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H.Res. 119 (116th): Supporting the goals and ideals of Career and Technical Education Month.

The text of the resolution below is as of Feb 11, 2019 (Introduced). The resolution was not adopted.



1st Session

H. RES. 119


February 11, 2019

(for himself, Mr. Bishop of Georgia, Mr. Brindisi, Mr. Carter of Texas, Mr. Comer, Mrs. Craig, Mr. Michael F. Doyle of Pennsylvania, Mr. Fitzpatrick, Mr. Grothman, Mr. Guthrie, Mrs. Hartzler, Mr. Heck, Ms. Jackson Lee, Ms. Jayapal, Mr. Johnson of Georgia, Mr. Kilmer, Mr. King of Iowa, Mr. Kinzinger, Mr. Krishnamoorthi, Mr. Larsen of Washington, Mr. Latta, Mrs. Lawrence, Mrs. Lee of Nevada, Mr. Luetkemeyer, Mr. McNerney, Mr. Mitchell, Mr. Morelle, Mr. Peterson, Mr. Pocan, Mr. Richmond, Mr. Ryan, Mr. Schrader, Mr. Simpson, Mr. Smith of Washington, Mr. Smucker, Mr. Thompson of Pennsylvania, Mr. Thompson of California, Mr. Upton, Mr. Westerman, Ms. Wilson of Florida, and Mr. Yarmuth) submitted the following resolution; which was referred to the Committee on Education and Labor


Supporting the goals and ideals of Career and Technical Education Month.

Whereas a competitive global economy requires workers who are prepared for skilled professions;

Whereas 3 million workers will be needed for the Nation’s infrastructure in the next decade, including designing, building, and operating transportation, housing, utilities, and telecommunications;

Whereas career and technical education (referred to in this preamble as CTE) ensures that competitive and skilled workers are ready, willing, and capable of holding jobs in high-wage, high-skill, and in-demand career fields such as science, technology, engineering, art and design, mathematics, nursing, allied health, construction, information technology, energy sustainability, and many other career fields that are vital in keeping the United States competitive in the global economy;

Whereas CTE helps the United States meet the very real and immediate challenges of economic development, student achievement, and global competitiveness;

Whereas the United States has 30,000,000 jobs providing an average income of $55,000 per year that do not require a bachelor’s degree yet increasingly require some level of postsecondary education;

Whereas nearly 12,200,000 students are enrolled in CTE across the country at the secondary and postsecondary levels, with CTE programs in thousands of CTE centers, comprehensive high schools, career academies, and CTE high schools, and nearly 1,000 2-year colleges;

Whereas CTE matches employability skills with workforce demand and provides relevant academic and technical coursework leading to industry-recognized credentials for secondary, postsecondary, and adult learners;

Whereas CTE affords students the opportunity to gain the knowledge, skills, and credentials needed to secure careers in growing, high-demand fields;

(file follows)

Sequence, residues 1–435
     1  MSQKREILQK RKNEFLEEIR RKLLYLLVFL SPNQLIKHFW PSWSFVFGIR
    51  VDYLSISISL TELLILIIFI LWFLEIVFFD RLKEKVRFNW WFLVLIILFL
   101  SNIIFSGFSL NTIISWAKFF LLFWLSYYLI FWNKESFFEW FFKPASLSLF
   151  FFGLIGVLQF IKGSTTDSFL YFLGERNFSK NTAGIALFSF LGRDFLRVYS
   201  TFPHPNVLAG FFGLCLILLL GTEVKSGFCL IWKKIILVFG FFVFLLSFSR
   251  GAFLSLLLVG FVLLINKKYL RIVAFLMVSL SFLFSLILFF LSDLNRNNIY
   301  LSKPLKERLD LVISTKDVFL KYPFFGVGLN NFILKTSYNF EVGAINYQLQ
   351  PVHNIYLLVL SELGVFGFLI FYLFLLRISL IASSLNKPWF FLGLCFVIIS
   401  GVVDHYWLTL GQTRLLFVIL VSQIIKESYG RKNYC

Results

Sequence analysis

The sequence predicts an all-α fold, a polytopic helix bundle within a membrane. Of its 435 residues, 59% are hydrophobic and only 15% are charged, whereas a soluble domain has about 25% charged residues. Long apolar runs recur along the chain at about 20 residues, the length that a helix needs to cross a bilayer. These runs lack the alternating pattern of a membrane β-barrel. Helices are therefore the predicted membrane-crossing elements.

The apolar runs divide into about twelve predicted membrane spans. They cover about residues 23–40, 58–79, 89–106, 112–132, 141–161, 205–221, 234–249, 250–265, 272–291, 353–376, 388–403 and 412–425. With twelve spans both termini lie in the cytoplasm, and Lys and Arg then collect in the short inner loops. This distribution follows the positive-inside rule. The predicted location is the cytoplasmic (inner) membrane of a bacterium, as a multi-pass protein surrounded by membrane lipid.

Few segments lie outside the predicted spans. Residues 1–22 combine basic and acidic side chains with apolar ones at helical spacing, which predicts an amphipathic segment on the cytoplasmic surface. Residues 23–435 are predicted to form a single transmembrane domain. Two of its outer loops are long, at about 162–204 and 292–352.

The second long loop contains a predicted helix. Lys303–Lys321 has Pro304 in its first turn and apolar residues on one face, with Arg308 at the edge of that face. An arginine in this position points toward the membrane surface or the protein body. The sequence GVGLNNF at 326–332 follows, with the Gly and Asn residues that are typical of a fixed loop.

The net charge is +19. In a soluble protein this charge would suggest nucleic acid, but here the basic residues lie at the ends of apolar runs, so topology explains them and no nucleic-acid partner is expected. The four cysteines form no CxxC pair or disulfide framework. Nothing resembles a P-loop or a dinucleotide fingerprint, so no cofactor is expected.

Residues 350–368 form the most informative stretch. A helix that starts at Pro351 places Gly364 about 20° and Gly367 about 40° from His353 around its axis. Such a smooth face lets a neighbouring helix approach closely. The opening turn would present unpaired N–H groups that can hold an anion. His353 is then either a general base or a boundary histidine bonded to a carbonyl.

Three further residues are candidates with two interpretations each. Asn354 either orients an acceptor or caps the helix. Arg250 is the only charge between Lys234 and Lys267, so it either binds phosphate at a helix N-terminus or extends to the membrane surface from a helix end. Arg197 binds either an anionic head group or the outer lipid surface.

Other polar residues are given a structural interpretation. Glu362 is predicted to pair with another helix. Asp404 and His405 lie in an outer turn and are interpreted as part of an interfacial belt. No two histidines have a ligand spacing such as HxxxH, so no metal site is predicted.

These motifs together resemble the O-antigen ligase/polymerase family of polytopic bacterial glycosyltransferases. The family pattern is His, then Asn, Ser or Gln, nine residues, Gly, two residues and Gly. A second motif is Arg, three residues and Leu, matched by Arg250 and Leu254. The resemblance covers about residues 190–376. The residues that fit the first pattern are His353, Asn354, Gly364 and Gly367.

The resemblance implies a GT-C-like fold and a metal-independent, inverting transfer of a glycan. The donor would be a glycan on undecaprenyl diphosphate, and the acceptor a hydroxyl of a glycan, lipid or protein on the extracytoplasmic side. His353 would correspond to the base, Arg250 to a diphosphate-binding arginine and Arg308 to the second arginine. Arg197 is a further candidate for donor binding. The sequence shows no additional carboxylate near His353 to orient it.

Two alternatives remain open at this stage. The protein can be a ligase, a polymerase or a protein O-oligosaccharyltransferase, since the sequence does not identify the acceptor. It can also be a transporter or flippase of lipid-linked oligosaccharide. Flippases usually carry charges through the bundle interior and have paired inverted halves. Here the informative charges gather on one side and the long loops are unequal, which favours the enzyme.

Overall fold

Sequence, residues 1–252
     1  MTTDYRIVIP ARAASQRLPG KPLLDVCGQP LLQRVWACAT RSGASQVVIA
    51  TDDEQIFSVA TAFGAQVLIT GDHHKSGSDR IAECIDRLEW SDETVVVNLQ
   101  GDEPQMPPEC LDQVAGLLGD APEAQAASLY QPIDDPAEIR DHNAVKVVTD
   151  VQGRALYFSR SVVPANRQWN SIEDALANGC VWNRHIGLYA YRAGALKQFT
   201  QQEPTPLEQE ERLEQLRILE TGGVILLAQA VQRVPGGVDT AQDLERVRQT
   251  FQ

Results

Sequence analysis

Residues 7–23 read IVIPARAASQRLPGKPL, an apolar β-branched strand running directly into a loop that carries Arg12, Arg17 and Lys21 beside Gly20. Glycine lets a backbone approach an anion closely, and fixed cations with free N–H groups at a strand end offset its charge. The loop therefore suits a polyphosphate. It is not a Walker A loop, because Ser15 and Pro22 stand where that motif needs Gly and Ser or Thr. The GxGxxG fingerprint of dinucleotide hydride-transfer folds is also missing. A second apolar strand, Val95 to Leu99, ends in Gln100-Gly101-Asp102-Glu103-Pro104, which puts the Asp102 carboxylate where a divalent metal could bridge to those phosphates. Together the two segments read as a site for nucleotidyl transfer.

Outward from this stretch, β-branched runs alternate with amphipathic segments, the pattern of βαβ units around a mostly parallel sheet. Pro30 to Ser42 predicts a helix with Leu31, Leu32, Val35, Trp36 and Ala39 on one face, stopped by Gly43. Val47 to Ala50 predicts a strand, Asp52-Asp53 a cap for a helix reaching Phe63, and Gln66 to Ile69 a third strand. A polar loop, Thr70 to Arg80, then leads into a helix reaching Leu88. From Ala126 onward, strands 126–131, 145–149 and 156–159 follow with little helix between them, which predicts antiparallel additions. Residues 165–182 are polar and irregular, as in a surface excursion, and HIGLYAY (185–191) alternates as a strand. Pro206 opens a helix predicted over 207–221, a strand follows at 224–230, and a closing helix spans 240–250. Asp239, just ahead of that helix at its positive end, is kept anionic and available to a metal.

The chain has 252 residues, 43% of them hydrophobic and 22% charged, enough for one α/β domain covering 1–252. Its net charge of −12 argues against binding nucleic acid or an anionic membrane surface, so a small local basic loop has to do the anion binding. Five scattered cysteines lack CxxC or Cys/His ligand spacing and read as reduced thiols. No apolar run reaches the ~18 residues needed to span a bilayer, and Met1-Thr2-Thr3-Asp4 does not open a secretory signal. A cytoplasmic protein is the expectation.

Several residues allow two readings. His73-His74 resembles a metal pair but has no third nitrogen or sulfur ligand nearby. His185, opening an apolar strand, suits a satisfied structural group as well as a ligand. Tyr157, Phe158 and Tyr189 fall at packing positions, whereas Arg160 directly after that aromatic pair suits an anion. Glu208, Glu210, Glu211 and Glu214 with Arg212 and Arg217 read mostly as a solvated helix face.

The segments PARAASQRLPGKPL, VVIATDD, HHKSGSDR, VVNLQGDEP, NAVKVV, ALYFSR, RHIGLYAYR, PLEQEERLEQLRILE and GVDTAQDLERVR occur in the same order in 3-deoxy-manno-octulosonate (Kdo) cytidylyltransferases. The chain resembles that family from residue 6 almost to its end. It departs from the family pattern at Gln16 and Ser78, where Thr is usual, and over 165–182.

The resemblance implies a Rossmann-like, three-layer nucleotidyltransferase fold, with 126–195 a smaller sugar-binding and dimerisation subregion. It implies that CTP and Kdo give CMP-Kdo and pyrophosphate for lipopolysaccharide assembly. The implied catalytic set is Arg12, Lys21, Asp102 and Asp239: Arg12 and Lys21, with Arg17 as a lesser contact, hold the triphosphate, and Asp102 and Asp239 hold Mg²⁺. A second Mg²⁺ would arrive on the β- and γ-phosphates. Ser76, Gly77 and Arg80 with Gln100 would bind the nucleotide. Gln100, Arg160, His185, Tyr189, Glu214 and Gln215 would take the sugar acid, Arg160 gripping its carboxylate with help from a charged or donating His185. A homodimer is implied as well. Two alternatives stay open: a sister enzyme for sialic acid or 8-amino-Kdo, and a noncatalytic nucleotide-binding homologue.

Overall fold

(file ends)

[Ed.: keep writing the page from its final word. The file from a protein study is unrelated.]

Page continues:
Whereas secondary CTE is associated with a lower probability of dropping out of high school and a higher likelihood of graduating on-time;

Whereas according to an American Federation of Teachers poll, 94 percent of parents approve of expanding access to CTE and other programs that prepare students for jobs;

Whereas students at schools with highly integrated rigorous academic and CTE programs are significantly more likely to meet college and career readiness benchmarks than students at schools with less integrated programs;

Whereas last year Congress affirmed the importance of CTE by passing the Strengthening Career and Technical Education for the 21st Century Act (Public Law 115–224), which supports program improvement in secondary and postsecondary CTE programs in all 50 States, the District of Columbia, Puerto Rico, the United States Virgin Islands, and outlying areas; and

Whereas, February 23, 2019, marks the 102d anniversary of the signing of the Act of February 23, 1917 (39 Stat. 929, commonly known as the Smith-Hughes Vocational Education Act of 1917), which was the first major Federal investment in secondary CTE and laid the foundation for the bipartisan, bicameral support for CTE that continues as of February 2019: Now, therefore, be it

That the House of Representatives—


supports the designation of Career and Technical Education Month to celebrate career and technical education across the United States;


supports the goals and ideals of Career and Technical Education Month;


recognizes the importance of career and technical education in preparing a well-educated and skilled workforce in the United States; and


encourages educators, school counselors, guidance and career development professionals, administrators, and parents to promote career and technical education as a respected option for students.